September 2018
Volume 18, Issue 10
Open Access
Vision Sciences Society Annual Meeting Abstract  |   September 2018
Object memories alter the appearance of blurry object borders
Author Affiliations
  • Diana Perez
    School of Mind, Brain and Behavior, University of Arizona
  • Sarah Cook
    Department of Psychology, University of ArizonaSchool of Mind, Brain and Behavior, University of Arizona
  • Mary Peterson
    Department of Psychology, University of ArizonaSchool of Mind, Brain and Behavior, University of Arizona
Journal of Vision September 2018, Vol.18, 1320. doi:10.1167/18.10.1320
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      Diana Perez, Sarah Cook, Mary Peterson; Object memories alter the appearance of blurry object borders. Journal of Vision 2018;18(10):1320. doi: 10.1167/18.10.1320.

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      © ARVO (1962-2015); The Authors (2016-present)

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Abstract

Do object memories sharpen the perception of familiar objects' borders? Memories represent the norm of previously seen objects; for familiar objects, these are likely to have sharp, focused borders because they have often been fixated and attended. Since perception arises from the integration of the current stimulus with memories, blurry borders might be perceived as sharper in familiar than novel objects. Observers judged whether the borders of two black silhouettes presented on a gray background were the same or different levels of blur. One object was familiar (lamp); the other was a matched novel object created by spatially rearranging the parts of the familiar object. Across trials one of the objects varied in blur (Test) from low to high through 9 levels; the other was held at a constant medium blur (Standard). Both objects served as Standard and Test equally often; their left/right location varied across trials. If object memories influence the perceived sharpness of blurry borders, then the peak of the "same" distribution should be at a higher level of blur when the Test object is familiar rather than novel. We observed this effect in a previous experiment, p < 10-6. There, the pair of stimuli was preceded by masked word primes; on ~17% of trials the word named the familiar object. No effect of word prime was observed. In Experiment 1, we replicated the effects without a word prime, p < 10-7, supporting the hypothesis that memory representations increase the perceived sharpness of the borders of familiar compared to novel objects. Experiment 2 tests the generalizability of these results by using silhouettes of two other familiar objects, each presented alongside their part-rearranged, novel matches. If we replicate the results of Experiment 1, that will support the hypothesis that object memories can alter the appearance of an object.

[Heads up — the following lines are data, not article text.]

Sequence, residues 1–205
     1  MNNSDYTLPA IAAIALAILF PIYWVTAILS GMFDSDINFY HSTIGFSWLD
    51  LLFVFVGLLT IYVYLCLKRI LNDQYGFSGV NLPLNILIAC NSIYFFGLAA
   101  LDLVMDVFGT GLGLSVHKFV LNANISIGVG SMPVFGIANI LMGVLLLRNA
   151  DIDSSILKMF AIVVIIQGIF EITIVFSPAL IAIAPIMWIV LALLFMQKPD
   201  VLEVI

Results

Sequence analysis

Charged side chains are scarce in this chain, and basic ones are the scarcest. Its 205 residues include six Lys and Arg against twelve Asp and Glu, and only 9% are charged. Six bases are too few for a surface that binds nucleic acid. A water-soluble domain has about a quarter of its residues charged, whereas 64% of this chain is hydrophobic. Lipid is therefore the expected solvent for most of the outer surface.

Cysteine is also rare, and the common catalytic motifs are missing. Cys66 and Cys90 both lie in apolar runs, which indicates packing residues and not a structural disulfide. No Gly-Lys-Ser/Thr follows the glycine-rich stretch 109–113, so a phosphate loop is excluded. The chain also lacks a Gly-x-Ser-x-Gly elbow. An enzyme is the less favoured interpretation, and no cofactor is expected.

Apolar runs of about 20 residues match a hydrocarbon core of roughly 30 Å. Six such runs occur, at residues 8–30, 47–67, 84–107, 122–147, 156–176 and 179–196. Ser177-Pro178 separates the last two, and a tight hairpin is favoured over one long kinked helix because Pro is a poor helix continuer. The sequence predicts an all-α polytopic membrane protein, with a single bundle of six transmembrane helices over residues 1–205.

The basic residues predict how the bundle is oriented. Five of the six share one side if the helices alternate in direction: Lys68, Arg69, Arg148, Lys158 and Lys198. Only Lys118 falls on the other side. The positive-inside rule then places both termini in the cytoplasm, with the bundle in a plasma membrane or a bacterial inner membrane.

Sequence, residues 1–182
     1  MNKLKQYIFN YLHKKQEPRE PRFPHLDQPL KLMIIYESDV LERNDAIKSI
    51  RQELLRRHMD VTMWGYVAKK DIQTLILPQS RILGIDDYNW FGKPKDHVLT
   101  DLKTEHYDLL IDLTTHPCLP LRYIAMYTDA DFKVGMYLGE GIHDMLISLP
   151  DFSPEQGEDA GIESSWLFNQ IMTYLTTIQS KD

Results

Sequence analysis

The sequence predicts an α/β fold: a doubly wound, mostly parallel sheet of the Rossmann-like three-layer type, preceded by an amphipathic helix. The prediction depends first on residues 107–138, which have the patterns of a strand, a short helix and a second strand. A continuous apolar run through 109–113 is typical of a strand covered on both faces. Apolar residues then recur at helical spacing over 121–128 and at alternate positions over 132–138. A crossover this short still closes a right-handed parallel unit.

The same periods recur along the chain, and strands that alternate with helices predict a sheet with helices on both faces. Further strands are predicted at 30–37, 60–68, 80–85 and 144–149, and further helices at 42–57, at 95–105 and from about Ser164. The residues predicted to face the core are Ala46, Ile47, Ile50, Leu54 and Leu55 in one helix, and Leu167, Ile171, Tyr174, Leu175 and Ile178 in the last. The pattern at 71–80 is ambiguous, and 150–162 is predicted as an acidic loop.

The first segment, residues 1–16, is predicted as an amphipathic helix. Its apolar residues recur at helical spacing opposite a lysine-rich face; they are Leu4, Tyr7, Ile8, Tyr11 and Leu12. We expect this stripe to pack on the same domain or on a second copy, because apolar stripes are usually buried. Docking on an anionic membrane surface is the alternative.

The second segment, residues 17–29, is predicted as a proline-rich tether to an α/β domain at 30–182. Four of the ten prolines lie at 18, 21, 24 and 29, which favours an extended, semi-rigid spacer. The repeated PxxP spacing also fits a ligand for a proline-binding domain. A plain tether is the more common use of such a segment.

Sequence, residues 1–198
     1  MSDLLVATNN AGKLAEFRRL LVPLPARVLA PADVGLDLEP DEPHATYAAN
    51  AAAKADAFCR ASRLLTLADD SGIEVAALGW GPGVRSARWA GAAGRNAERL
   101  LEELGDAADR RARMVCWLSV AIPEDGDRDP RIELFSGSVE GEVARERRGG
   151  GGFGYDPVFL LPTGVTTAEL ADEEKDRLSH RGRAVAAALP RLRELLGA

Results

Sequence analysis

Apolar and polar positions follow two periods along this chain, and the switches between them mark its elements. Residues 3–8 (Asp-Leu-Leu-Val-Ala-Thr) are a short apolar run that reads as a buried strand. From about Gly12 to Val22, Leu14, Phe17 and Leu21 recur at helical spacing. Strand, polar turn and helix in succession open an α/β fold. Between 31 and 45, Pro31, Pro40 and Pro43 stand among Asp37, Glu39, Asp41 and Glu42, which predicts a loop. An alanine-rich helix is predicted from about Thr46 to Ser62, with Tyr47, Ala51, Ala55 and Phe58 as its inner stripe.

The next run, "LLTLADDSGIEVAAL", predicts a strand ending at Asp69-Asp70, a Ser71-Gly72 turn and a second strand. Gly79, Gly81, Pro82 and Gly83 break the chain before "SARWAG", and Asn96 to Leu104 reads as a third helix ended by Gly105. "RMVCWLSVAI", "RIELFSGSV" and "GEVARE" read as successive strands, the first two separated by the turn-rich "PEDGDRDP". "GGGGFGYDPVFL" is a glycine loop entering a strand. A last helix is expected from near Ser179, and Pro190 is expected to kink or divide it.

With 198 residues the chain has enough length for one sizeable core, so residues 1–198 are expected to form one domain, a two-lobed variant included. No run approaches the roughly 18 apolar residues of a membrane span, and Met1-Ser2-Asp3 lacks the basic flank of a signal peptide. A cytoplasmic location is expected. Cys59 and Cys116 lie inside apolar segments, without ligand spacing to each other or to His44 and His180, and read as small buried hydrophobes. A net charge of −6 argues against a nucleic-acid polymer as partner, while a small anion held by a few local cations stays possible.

Meeting abstract presented at VSS 2018

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